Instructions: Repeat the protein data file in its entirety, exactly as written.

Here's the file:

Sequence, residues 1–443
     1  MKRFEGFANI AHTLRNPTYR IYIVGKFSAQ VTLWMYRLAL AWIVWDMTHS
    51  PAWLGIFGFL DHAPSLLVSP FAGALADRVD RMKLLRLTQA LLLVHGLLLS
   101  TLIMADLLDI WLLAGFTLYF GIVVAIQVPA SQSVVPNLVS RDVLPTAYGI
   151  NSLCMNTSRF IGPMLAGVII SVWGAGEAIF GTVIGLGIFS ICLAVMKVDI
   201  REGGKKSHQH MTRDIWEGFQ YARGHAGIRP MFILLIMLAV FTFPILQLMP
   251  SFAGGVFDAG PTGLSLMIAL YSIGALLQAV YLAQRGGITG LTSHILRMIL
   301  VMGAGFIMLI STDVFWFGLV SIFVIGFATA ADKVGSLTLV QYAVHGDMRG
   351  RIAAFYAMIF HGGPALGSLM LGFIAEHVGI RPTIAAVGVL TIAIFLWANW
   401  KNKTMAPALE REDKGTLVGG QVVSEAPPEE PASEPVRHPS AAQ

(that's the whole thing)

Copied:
Sequence, residues 1–443
     1  MKRFEGFANI AHTLRNPTYR IYIVGKFSAQ VTLWMYRLAL AWIVWDMTHS
    51  PAWLGIFGFL DHAPSLLVSP FAGALADRVD RMKLLRLTQA LLLVHGLLLS
   101  TLIMADLLDI WLLAGFTLYF GIVVAIQVPA SQSVVPNLVS RDVLPTAYGI
   151  NSLCMNTSRF IGPMLAGVII SVWGAGEAIF GTVIGLGIFS ICLAVMKVDI
   201  REGGKKSHQH MTRDIWEGFQ YARGHAGIRP MFILLIMLAV FTFPILQLMP
   251  SFAGGVFDAG PTGLSLMIAL YSIGALLQAV YLAQRGGITG LTSHILRMIL
   301  VMGAGFIMLI STDVFWFGLV SIFVIGFATA ADKVGSLTLV QYAVHGDMRG
   351  RIAAFYAMIF HGGPALGSLM LGFIAEHVGI RPTIAAVGVL TIAIFLWANW
   401  KNKTMAPALE REDKGTLVGG QVVSEAPPEE PASEPVRHPS AAQ